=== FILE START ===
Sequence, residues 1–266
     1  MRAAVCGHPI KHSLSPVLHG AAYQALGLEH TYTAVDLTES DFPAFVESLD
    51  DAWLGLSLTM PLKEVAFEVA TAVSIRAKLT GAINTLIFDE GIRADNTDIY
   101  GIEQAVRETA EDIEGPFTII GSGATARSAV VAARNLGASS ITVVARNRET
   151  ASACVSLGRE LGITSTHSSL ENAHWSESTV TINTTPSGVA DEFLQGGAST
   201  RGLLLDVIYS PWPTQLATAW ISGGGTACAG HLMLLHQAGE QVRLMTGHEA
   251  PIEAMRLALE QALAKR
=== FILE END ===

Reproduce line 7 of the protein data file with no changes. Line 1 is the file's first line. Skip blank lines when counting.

   251  PIEAMRLALE QALAKR